to let you know that CAAF has issued two opinions while we were distracted by the NDAA changes.

United States v. Payne, and United States v. Passut.

Payne reminds them that a judge is supposed to give correct instructions; here the judge got it wrong, but so what, it was harmless BRD.  Of note to defense counsel, when objecting to a judge’s instructions don’t be “general,” have some specificity.  The analysis of how specific an objection was new to CAAF.  But they found that they could safely compare the specificity for preserving an evidentiary objection to that of preserving an instructions objection.  Perhaps a military judge faced with a rather general objection could task both sides to be a tad more specific, to help her understand the problem.

Passut is quite simple.  When a servicemember goes to the Exchange to cash a check to pay for items, he or she is making an official statement that may be prosecuted under UCMJ art. 107, if in the process there are false statements or representations.

One Response to “We interrupt this message. . .”

  1. AF JAG says:

    A brief note on recent prognostications in the United States v. Passut, “false offical statement” case:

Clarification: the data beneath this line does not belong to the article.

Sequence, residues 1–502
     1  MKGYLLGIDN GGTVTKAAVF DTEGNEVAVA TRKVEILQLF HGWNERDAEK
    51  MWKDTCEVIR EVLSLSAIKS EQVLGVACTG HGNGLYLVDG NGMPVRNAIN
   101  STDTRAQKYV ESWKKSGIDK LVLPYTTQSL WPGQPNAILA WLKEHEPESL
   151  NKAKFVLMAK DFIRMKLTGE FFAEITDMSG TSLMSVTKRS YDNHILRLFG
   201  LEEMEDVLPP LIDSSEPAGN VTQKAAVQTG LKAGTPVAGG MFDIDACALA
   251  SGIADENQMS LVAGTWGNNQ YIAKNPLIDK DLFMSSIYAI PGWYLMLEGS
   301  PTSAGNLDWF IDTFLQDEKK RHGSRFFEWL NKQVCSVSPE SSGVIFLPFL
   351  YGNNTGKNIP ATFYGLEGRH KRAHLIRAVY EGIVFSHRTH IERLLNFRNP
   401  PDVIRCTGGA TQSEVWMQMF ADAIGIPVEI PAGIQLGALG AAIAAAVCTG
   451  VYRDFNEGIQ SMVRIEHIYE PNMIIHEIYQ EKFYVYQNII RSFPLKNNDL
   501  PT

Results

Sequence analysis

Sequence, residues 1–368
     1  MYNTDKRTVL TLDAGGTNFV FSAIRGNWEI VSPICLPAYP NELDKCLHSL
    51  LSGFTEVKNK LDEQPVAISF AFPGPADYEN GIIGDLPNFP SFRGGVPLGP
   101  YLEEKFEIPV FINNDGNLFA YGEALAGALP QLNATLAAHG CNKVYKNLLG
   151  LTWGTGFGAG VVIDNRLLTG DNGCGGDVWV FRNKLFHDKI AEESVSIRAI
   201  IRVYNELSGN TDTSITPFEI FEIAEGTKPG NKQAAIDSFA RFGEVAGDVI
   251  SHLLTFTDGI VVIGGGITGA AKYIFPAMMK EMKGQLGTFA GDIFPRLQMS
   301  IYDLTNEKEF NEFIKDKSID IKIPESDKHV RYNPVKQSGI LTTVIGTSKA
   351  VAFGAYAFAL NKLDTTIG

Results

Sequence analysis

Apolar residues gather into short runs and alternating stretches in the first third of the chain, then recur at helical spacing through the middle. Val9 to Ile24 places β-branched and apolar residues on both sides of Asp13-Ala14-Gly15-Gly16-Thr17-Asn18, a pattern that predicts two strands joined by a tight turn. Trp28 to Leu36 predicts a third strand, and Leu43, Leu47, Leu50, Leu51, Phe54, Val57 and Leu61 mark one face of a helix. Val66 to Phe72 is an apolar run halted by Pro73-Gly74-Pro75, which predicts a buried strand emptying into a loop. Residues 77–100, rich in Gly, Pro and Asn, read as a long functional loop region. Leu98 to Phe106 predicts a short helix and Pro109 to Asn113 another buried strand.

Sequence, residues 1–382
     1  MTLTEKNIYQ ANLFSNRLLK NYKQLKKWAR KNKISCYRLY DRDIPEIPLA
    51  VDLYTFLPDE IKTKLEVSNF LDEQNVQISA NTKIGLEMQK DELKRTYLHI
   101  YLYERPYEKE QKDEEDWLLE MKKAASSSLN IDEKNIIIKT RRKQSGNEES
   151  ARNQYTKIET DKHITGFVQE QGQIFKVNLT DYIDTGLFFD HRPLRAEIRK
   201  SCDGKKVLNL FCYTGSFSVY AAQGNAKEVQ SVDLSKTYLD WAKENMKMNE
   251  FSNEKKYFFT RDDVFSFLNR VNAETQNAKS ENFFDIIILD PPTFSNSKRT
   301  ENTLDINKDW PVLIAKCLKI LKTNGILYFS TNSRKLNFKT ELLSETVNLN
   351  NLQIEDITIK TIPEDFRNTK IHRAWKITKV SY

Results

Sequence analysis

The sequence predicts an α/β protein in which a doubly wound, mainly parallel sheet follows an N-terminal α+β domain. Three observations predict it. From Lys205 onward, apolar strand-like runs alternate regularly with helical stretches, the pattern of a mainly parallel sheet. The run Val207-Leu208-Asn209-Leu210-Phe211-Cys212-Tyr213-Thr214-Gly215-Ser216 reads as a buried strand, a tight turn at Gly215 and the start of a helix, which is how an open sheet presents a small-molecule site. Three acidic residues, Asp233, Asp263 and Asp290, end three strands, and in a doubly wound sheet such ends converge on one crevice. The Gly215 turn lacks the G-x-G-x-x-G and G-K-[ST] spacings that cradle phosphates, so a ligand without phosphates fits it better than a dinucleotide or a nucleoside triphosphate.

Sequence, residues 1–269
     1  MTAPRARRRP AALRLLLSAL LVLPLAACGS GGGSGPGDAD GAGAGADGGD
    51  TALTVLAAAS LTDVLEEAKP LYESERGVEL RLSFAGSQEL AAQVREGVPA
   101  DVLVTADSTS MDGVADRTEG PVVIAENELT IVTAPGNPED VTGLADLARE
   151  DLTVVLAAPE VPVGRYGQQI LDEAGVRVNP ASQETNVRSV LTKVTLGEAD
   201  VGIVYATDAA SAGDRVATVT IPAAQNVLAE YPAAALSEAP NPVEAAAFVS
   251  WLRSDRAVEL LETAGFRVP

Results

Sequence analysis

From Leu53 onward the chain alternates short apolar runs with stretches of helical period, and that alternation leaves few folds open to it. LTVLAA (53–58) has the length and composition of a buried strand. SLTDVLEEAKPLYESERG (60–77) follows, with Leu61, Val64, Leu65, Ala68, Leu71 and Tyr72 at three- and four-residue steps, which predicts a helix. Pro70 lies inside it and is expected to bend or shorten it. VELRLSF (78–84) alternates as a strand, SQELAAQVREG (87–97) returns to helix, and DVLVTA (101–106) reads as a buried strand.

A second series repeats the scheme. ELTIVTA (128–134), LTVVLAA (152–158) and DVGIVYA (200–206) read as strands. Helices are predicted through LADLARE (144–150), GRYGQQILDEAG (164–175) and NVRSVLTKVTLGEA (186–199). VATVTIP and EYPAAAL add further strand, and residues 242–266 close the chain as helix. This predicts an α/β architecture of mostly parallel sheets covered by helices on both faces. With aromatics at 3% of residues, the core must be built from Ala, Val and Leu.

CAAFLog:  “I’m grasping for an example of retail check cashing as a military function sufficient to make statements related to that function ‘official.’  Officers clubs used to cash checks, and there is some caselaw discussing offenses related to worthless checks cashed at clubs, but I’m not aware of any caselaw affirming violations of Article 107 in these circumstances.  Absent precedent, its unlikely CAAF will now decide to call check cashing by the civilianized exchange a ‘military function‘” CAAFLog,  posted 27 September 2013 (emphasis added).
    vs.
    CAAF:  “[I]n Appellant’s view, the applicability of Article 107, UCMJ, should not turn on whether the person in question is cashing a check at AFFES or a 7-Eleven.  We disagree.  AAFES is not 7-Eleven, and that matters, as Article 107, UCMJ, is intended to protect the integrity of governmental functions, specifically, military functions . . . Appellant’s argument that the act of cashing a check at AAFES is no different that doing the same at the Armed Forces Bank is not persuasive.”  United States v. Passut, 13-0518/AF, slip op. at 8, 13 (C.A.A.F. 8 January 2014).
    WHOOPS!  Looks like CAAF:  1; CAAFLog:  0.
    Hurray for an exercise in common sense by the Court!